My impression of a trip to New York City is that it can be a lot of fun if you don’t mind handing somebody a $20 bill every ten or twelve minutes. For example, the Metropolitan Museum of Art suggests that you pay $25 per adult for admission, although you can pay less if you feel justified.
A lot of tourist attractions have split prices, higher for tourists, lower for locals. The thinking is that you can extract more money from tourists who visit only once a decade or so, while locals are more price sensitive. Typically, they make you show a local driver’s license to get the lower price.
So, the Met Museum now is going to a system where tourists must pay the posted price, while locals can still pay as they feel, but they will have to prove they are a local by showing ID.
But showing ID means, oh no … TRUMP WINS.
From the New York Times:
The Met Should Be Open to All. The New Pay Policy Is a Mistake.Everybody knows that the Undocumented can’t get enough of high culture. Same is true for guys who don’t like to show ID because they are holed up from the law because of all the warrants out for their arrest. There is nothing New York’s on-the-lam class has looked forward to more than the Met’s current “Leonardo to Matisse” exhibition of drawings from the Robert Lehman collection.
By HOLLAND COTTER and ROBERTA SMITH JAN. 4, 2018
The Metropolitan Museum of Art’s new admission policy beginning in March will end pay-as-you-wish for out-of-state visitors, for the first time since 1970 — and residents of New York State will need to show some form of identification. The two chief art critics of The New York Times weighed in on the significance of these changes.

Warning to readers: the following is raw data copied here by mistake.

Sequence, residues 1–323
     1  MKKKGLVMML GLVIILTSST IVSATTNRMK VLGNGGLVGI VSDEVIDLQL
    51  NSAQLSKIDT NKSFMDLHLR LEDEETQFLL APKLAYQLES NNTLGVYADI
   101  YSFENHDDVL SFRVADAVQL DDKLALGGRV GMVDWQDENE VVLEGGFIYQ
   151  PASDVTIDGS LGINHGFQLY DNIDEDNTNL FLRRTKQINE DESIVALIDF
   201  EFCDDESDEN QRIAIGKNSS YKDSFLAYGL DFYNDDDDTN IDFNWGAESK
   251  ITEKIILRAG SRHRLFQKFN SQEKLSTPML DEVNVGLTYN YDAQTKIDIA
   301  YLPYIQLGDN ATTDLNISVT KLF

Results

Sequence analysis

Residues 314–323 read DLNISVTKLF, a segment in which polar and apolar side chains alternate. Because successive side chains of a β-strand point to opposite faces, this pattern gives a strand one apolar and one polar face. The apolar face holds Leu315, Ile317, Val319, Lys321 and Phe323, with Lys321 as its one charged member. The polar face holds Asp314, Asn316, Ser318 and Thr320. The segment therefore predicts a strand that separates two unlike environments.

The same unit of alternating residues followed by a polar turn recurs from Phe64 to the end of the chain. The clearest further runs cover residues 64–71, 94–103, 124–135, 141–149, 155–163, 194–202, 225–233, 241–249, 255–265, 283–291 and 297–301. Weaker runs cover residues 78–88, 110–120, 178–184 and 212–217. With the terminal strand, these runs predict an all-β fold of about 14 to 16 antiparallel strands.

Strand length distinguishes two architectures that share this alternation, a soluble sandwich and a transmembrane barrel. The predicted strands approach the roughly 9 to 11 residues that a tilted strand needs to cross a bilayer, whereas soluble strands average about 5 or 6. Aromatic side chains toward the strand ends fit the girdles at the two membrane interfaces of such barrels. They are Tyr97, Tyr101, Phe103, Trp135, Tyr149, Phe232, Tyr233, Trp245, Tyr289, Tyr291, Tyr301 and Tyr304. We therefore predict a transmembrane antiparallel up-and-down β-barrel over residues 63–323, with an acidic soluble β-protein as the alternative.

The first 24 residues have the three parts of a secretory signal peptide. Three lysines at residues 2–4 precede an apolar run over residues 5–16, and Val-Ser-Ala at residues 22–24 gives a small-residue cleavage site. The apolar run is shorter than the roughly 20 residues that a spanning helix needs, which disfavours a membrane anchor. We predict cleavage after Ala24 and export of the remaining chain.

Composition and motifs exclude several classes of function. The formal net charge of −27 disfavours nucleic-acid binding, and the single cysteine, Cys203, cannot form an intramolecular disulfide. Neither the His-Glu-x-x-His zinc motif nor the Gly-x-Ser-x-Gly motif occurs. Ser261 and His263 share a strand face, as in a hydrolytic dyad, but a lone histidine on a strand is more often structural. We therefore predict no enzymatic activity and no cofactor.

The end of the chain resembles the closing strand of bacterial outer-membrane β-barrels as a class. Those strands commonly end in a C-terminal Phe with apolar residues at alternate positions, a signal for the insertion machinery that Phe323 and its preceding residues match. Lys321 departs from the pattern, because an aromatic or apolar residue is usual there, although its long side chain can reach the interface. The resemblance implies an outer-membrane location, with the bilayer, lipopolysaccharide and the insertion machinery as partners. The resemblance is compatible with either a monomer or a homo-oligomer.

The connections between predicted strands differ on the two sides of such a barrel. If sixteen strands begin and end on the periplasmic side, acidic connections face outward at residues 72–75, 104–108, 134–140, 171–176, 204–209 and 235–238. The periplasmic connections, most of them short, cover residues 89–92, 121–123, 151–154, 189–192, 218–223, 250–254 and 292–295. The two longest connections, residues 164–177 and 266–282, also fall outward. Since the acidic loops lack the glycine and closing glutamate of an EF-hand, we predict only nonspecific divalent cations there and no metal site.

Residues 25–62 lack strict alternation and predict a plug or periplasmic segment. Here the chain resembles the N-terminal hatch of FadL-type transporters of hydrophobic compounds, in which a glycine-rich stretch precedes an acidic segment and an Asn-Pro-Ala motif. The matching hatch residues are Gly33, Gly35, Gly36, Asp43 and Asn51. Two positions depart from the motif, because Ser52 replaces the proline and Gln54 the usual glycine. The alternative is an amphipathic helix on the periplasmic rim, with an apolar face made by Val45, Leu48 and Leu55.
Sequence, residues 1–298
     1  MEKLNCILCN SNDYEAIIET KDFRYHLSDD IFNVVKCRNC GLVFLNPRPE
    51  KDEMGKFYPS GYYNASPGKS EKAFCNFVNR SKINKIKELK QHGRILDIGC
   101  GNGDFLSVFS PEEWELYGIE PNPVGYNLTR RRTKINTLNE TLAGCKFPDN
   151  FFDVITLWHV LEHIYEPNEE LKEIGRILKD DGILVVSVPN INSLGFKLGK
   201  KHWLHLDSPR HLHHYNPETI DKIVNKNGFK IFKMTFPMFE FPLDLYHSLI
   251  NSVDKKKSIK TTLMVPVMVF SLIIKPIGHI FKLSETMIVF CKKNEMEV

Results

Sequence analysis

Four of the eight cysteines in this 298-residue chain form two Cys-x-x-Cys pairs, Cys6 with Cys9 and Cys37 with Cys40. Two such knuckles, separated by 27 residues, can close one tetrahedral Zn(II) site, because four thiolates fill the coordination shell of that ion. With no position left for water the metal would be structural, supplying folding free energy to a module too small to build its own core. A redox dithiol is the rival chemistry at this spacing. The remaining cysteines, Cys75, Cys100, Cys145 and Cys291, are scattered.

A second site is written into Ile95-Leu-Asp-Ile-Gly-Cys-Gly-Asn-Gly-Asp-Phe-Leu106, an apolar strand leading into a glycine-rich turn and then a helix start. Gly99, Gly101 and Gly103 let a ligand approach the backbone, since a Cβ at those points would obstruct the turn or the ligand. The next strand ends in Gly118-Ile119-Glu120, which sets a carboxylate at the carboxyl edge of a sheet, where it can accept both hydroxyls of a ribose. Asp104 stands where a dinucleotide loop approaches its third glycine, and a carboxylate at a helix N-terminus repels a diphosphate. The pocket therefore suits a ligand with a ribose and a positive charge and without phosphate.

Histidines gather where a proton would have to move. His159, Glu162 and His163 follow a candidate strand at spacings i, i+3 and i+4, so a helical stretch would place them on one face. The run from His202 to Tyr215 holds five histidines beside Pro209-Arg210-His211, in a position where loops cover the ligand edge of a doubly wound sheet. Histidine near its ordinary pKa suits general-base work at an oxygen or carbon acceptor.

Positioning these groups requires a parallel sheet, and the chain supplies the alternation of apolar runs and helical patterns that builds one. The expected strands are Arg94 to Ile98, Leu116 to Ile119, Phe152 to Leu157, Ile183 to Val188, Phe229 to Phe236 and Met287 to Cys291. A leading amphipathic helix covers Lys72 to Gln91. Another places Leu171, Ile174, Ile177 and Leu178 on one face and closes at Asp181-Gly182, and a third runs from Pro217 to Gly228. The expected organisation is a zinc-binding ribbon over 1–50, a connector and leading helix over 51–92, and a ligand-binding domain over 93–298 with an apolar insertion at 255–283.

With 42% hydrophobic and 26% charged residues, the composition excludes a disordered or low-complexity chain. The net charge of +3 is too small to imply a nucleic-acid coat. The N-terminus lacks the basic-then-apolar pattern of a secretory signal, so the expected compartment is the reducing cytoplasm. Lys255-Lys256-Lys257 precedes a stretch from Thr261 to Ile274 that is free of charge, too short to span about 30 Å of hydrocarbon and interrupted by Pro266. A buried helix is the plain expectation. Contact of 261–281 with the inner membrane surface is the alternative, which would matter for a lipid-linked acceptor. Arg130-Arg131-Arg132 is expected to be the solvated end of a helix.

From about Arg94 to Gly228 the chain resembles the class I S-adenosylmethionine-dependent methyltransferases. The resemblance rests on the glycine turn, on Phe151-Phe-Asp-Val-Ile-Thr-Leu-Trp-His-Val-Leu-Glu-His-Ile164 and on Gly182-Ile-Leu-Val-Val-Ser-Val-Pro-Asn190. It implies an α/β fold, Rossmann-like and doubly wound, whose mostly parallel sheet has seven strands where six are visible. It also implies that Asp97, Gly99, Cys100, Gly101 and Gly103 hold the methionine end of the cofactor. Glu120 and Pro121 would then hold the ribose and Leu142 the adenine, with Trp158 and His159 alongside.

COTTER Given the fiscal realities the Met is dealing with at this point, whoever is to blame — the Met points to the precipitous 73 percent drop in visitors paying the full “suggested” amount — the new, graduated admission policy doesn’t strike me, purely in dollars-and-cents terms, as completely outrageous, particularly as a full price ticket is good for three days of admission to the three Met branches.
My big problem lies elsewhere. I’m instinctively suspicious of, and resistant to, “carding” procedures, meaning any admission policy based on presenting personal identification, which is what the Met is asking for from New York State residents who want to keep paying what they wish.
This potentially discriminates against a population of residents who either don’t have legal identification or are reluctant to show the identification they have. And it plays directly into the hands of the anti-immigrant sentiment that is now poisoning this country. …
SMITH … So I worry that the Met’s plan is classist, and nativist. It divides people into categories — rich and poor, native and foreign — which is exactly what this country does not need right now.Also, did you know about FDR’s redlining? It’s incredibly relevant to 2018.
COTTER In the pre-integration 1950s and early 1960s, the Birmingham Museum of Art in Alabama admitted black visitors only on Tuesdays.
SMITH … It indicates a kind of attitude, like having the Statue of Liberty in our harbor. It is, symbolically speaking, a beacon.Nothing shows the refined political tastes of the NYT’s art critics more than ending with a schmaltzy invocation of the Statue of Liberty.